After nine years, Stephen Colbert is retiring the character he created for The Colbert Report, the conservative, self-important blowhard who opines about the news and the media. The final episode airs Thursday. Colbert will take over as host for The Late Show, replacing the retiring David Letterman. Since The Colbert Report began, Colbert has seldom appeared in the media out of character. He got his start satirizing the news as a correspondent on The Daily Show, which he joined in 1997 when Craig Kilborn was hosting. Jon Stewart took over two years later. In 2005, Colbert left The Daily Show and created The Colbert Report. For it, he created a character that he calls “passionate.”
“He is closely attached and invested in the stories he’s talking about and in the themes that he’s talking about,” Colbert told Fresh Air‘s Terry Gross after 23 shows aired. “He cares deeply about what happens in this country and he just doesn’t know a lot about what happens in this country. And so he gets little — you know, little glimpses of things. He has little snatches of information and then he makes broad generalizations based upon that.” The next year, Colbert was the featured comic at the White House Correspondents Dinner. But because The Colbert Report was still less than a year old, a lot of the politicians, operatives and journalists in the audience weren’t familiar with the character and didn’t know quite how to take what Colbert was saying.
Then Colbert took his character into the real world. He was granted a right to have a superPAC in 2011 — and the saga taught many people about the overt and covert ways that superPACs raise and donate large sums of money to elect or defeat candidates. In character, he held a press conference outside the Federal Election Commission. “We were injecting ourselves into the news and illustrating what was ridiculous rather than talking about what’s ridiculous,” Colbert says. “And at our show’s best, that’s what we do.” Colbert created a new approach to satirizing the news and the news media. He performed his show from Iraq with an audience of American troops and raised enough money to make Colbert Nation the primary sponsor of the U.S. Olympic Speed Skating team in the 2010 Winter Olympics. He testified on Capitol Hill — in persona — using satire to call attention to the problems faced by migrant farmworkers. And last week, President Obama not only was Colbert’s interview guest; the president sat in Colbert’s anchor chair and did an installment of the regular feature The Word. Fresh Air pays tribute to Colbert’s tenure on his show with pieces from six different interviews since 2005. MORE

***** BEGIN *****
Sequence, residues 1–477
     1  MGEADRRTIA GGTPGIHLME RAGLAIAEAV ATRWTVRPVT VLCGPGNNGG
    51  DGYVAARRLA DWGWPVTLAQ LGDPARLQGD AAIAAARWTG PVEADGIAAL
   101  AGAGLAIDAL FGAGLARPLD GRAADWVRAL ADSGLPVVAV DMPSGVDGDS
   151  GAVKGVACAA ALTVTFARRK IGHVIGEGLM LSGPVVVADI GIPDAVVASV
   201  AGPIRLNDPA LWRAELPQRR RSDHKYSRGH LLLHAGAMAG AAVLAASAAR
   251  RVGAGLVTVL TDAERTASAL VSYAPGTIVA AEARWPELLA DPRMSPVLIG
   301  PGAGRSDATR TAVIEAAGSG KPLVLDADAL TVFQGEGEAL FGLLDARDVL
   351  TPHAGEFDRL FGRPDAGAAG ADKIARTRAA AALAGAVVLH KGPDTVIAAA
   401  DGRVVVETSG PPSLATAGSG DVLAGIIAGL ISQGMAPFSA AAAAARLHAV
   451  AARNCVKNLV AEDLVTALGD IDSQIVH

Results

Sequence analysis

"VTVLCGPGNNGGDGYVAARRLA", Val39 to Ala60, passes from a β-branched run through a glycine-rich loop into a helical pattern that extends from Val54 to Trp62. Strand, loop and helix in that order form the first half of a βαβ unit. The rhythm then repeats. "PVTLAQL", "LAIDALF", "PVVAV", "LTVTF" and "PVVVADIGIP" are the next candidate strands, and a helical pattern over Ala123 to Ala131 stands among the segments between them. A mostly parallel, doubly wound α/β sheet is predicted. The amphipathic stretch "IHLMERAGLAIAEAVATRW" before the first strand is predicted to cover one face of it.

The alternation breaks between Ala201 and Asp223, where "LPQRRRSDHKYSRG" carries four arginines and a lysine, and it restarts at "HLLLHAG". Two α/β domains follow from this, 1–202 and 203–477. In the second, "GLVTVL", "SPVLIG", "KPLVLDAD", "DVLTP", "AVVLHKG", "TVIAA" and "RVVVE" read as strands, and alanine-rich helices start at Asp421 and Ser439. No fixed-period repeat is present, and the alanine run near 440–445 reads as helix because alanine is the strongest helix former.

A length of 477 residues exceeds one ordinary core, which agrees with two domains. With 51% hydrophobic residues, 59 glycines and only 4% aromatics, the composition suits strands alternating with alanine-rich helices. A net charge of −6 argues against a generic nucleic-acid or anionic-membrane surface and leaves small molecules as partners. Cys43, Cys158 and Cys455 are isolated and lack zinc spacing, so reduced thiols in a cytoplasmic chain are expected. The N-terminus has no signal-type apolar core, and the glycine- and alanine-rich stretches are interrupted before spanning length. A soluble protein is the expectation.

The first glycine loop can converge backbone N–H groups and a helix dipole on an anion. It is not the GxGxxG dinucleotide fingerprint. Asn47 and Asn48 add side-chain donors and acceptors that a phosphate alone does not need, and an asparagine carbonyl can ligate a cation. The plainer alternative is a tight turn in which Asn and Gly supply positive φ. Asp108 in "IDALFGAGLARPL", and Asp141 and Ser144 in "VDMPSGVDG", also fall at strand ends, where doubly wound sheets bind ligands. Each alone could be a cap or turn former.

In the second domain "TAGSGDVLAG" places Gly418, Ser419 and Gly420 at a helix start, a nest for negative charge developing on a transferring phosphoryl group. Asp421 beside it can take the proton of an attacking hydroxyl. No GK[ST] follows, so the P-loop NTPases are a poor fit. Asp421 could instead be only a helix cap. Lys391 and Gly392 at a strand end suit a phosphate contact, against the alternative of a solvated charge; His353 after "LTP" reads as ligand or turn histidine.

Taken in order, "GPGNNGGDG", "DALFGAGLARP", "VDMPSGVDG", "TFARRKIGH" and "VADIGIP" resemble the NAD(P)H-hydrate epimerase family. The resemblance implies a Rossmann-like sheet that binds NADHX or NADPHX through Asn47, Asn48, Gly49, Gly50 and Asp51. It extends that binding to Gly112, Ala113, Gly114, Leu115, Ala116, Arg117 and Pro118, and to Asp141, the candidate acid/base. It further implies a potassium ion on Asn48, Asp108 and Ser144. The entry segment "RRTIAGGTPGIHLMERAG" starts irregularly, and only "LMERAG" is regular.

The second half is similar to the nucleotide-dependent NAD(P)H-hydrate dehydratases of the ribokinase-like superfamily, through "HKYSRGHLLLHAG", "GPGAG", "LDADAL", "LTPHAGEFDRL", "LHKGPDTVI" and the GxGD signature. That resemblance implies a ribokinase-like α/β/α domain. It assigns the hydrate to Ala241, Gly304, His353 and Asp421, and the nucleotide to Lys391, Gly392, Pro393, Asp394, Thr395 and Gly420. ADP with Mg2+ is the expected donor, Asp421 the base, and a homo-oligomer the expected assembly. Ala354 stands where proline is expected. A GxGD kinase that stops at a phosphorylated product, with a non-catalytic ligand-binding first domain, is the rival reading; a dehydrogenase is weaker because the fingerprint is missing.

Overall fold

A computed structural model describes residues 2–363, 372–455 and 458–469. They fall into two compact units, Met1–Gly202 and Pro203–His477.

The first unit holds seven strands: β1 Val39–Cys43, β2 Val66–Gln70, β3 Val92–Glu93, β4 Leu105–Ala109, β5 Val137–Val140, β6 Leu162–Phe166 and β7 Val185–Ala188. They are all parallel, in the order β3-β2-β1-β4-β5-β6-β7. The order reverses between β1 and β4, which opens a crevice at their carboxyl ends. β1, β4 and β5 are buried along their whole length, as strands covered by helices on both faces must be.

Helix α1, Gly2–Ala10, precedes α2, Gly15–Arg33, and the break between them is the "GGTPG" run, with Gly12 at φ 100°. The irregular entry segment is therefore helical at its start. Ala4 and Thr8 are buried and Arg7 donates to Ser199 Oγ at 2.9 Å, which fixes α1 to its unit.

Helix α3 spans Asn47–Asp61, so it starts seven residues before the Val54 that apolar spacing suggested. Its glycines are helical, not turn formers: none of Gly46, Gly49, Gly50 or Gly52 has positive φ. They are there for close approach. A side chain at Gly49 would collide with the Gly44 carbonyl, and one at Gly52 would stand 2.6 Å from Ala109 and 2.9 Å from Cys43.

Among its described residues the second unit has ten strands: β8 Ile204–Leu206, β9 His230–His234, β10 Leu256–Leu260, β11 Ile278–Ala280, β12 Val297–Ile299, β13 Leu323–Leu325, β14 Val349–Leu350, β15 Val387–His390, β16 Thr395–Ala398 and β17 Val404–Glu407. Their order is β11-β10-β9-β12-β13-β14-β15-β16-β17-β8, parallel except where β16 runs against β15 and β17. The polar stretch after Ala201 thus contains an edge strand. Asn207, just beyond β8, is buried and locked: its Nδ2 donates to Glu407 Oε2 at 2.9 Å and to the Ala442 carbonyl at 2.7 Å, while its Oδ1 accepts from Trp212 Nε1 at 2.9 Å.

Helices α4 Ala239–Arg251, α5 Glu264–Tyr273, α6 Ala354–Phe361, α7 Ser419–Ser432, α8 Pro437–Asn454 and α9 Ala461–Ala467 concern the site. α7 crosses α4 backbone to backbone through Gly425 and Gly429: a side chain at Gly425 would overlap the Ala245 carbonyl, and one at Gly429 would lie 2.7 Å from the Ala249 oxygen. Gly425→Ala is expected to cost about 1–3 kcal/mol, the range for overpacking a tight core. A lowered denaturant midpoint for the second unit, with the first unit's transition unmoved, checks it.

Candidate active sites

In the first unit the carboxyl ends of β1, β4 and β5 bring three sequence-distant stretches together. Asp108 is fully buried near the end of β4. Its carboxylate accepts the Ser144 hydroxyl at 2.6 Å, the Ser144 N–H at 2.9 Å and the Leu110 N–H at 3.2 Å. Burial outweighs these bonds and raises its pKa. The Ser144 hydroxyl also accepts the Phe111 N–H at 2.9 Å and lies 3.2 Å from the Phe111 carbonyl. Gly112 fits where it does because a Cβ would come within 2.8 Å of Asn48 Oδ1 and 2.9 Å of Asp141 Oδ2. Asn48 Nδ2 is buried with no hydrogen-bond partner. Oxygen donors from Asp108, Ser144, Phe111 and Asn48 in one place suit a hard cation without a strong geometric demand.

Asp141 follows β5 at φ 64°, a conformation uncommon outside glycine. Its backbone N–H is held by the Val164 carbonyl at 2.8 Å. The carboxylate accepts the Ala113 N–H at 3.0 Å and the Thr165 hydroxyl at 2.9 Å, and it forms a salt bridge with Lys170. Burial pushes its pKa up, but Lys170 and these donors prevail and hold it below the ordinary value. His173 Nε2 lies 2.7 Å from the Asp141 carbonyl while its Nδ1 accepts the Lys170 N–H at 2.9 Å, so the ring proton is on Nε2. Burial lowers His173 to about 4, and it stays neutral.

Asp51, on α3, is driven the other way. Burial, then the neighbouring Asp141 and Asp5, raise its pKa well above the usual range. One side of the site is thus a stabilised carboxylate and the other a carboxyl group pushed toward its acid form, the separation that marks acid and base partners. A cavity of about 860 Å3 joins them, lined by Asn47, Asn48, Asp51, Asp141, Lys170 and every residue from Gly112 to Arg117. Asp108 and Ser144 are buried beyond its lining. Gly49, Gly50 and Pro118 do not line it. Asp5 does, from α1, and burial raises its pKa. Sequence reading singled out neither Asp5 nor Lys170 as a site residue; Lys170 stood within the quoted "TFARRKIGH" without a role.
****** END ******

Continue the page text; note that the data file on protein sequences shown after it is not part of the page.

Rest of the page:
DAILY BEAST: The only supercut of Colbert that would truly capture his brilliance would be to simply run every episode of the show in order from the beginning, but here’s one that’s under four minutes. MORE
MOTHER JONES: “Stephen Colbert,” the character, is indisputably a brilliant creation. I watched every week because “Stephen Colbert” attacked right-wing media by embodying its most outlandish traits; the more sincere he was, the more searing and audacious the satire. He was sophisticated and simple at the same time. He gave viewers an amazing gift: temporary relief from the political divide by skewering idiocy at its source. (My colleague Inae Oh has compiled some of his best segments today). It was a wildly impressive formula, in part for the stamina it required from Stephen Colbert, the comic. As fellow performer Jimmy Fallon told the New York Times this week: “I was one of those who said, ‘He’ll do it for six months and then he’ll move on.’…It’s gets old. But not this. He’s a genius.” That’s what makes the above podcast, Working, With David Plotz, so fascinating: It’s Colbert, in his own words, out of character, describing his daily routine of getting into character; a real craftsman. It also reveals the vulnerable human performer within; a real artist. Broadcaster and media critic Brooke Gladstone said back in April that Colbert “seems to be a modest man, too modest perhaps, to see that by lightly shedding the cap of his creation, he’s depriving us all of a national treasure.” Long live Colbert. MORE
PHAWKER: In the time of kings, only the jester dared speak the truth without losing his head. It’s hard to remember now how much courage it took to say these things back in 2006, to speak such unvarnished truth to power — more specifically, the most powerful man on Earth, especially when he is eating right next to you. In doing so, he almost singlehandedly broke the spell of fear and loathing and groveling obeisance Bush-Cheney had cast over the nation during the preceding six years. I will go so far as to say Obama would not have been elected in 2008 if this hadn’t happened — like John The Baptist preparing the way of the Messiah. At least Colbert kept up his end of the deal.